Wake Tech's 'boot camp' cooking class transforming lives of homeless men

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A partnership between a homeless shelter and Wake Tech has changed the lives of numerous men.

On any given night, there are about 1,100 people trying to survive without a home in Wake County. Up until four months ago, you could count William Johnson among the county's homeless population.

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Tonight, he's sleeping in his own apartment and about to start a brand new job. We wanted to find out how he did it.

"I made a big shift, a change in my life," Johnson said from the facility he used to call home - Raleigh's South Wilmington Street Center - the men's-only homeless shelter where he arrived April 1 after hitting rock bottom.

"(I made the) wrong choices - drinking, drugging, in and out of jail." Johnson said.

"I remember the first few days he was here," recalled shelter manager Frank Lawrence. "(William) expressed he really wanted to change his life."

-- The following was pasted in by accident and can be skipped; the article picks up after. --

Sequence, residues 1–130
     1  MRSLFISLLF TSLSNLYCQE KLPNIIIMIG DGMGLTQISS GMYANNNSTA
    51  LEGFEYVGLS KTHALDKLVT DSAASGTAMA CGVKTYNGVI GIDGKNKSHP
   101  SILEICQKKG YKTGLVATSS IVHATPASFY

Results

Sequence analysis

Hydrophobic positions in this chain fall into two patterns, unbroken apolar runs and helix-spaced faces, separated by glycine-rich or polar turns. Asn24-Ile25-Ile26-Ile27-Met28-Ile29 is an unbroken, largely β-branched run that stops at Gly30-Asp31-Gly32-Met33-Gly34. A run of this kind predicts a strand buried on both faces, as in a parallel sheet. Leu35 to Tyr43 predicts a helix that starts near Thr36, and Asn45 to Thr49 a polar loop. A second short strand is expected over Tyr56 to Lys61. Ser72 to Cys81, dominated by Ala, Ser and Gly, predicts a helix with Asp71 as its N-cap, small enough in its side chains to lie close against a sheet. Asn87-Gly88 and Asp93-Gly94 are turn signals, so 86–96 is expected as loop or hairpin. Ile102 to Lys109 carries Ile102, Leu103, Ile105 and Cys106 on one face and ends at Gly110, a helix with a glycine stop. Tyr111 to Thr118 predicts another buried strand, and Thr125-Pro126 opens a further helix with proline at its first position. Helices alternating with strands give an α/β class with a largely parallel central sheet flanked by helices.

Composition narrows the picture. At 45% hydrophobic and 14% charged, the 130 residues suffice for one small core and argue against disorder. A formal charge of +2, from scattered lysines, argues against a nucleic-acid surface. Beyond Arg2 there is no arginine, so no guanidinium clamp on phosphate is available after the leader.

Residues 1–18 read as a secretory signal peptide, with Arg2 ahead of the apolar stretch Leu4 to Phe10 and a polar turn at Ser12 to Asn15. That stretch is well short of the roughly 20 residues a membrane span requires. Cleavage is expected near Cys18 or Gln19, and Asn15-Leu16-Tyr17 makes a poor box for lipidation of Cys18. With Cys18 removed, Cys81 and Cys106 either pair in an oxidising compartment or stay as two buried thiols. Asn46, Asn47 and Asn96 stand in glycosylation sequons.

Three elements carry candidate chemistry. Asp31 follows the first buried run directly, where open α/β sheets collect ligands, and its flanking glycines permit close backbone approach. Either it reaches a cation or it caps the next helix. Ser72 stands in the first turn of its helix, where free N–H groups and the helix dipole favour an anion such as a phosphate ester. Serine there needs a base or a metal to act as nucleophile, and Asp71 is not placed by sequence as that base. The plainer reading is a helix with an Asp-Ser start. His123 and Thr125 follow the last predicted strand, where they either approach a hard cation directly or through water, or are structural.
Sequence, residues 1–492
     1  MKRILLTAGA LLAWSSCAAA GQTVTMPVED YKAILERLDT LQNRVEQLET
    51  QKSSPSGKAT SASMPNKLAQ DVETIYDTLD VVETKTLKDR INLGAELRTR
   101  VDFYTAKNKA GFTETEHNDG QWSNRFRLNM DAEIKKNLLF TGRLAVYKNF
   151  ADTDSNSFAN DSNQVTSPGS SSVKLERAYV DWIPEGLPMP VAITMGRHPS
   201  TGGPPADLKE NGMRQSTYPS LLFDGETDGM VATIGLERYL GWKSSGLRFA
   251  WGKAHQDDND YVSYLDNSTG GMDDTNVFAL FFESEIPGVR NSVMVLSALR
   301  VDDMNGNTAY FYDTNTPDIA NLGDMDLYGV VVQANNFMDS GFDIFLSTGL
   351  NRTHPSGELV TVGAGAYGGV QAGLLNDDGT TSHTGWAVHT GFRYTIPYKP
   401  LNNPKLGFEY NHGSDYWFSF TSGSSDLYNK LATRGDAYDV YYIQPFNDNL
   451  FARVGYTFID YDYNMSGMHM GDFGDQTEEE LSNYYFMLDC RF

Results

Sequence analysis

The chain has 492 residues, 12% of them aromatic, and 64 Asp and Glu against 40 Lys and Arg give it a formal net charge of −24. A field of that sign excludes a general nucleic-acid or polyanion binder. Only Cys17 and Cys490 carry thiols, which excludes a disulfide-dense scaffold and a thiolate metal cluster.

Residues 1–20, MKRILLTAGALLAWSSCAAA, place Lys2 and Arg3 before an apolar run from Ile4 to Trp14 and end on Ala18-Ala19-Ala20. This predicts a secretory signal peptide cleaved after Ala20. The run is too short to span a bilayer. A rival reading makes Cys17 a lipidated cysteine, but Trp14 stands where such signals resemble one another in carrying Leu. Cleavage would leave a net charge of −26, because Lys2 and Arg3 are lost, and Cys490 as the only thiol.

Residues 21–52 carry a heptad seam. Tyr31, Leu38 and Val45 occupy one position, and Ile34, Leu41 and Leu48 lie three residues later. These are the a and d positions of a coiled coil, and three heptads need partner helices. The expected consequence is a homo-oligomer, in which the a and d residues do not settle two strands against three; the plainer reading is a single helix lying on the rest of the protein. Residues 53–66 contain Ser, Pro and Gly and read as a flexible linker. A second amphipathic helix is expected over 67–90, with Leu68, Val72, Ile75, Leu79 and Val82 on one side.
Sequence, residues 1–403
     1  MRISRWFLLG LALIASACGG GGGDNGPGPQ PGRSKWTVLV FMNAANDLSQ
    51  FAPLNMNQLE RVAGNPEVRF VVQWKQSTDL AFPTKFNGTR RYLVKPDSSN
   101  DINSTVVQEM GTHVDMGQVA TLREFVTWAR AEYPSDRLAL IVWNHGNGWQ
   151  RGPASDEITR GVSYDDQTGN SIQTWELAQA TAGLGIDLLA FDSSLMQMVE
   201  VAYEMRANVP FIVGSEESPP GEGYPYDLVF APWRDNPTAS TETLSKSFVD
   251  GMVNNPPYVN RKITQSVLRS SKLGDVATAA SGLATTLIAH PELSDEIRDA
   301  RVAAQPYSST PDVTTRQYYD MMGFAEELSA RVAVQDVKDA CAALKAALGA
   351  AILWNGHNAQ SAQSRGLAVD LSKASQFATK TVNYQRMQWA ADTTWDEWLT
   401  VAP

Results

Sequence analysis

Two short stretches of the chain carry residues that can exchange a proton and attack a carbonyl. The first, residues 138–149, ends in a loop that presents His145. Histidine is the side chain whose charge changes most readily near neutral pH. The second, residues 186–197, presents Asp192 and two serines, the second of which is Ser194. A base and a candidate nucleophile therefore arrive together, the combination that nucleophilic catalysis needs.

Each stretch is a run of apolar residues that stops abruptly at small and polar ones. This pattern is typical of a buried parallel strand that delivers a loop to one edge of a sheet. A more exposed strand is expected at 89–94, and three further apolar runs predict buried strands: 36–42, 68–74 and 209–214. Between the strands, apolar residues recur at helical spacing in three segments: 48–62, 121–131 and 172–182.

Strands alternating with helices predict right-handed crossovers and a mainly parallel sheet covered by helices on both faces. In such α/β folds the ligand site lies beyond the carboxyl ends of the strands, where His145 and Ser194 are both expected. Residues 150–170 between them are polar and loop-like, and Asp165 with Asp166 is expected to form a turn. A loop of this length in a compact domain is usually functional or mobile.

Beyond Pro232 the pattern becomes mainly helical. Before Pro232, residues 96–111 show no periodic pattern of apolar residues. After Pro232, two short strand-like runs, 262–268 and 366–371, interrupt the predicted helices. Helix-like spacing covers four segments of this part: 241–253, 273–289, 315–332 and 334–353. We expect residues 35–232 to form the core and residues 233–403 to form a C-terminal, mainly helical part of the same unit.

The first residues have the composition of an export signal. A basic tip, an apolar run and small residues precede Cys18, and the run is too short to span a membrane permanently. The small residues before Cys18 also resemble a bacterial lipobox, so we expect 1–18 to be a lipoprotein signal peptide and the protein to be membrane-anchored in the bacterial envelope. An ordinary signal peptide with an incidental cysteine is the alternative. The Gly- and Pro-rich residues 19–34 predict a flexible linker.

Giving much of the credit to his case worker at the center, this 44-year old high school dropout is now a fully-certified culinary line cook.

"I've never passed anything," Johnson said. "So it was very amazing. I'm still like, wow!"



Johnson is one of 10 homeless men who committed to a Wake Tech pilot program aimed at turning lives around quickly. It's a one-month, 60-hour course.

"It's a culinary boot camp," said Wake Tech's hospitality curriculum coordinator Sameer Pawa.

Pawa approved the program after the shelter reached out to the school looking for a program where students could exit immediately and get a job.

It worked.

"Eight out of 10 got employed; 80 percent employment," Pawa said.

To help the job-interview process, Wake Tech turned the session into a brunch put on by the new chefs.

"It could be where a student may not be good on an interview level, but we wanted the employers to look at the work, that was the interview ... see the food," Pawa said.

Johnson said he is accepting a job offer at the dining hall at NC State.

"I had to just make myself be patient enough to learn something," he said.

Encouraged by the success of the class, Wake Tech is expanding the program to two other shelters and transitional homes.

And in addition to his new job, Johnson just moved into his very own apartment last Thursday.

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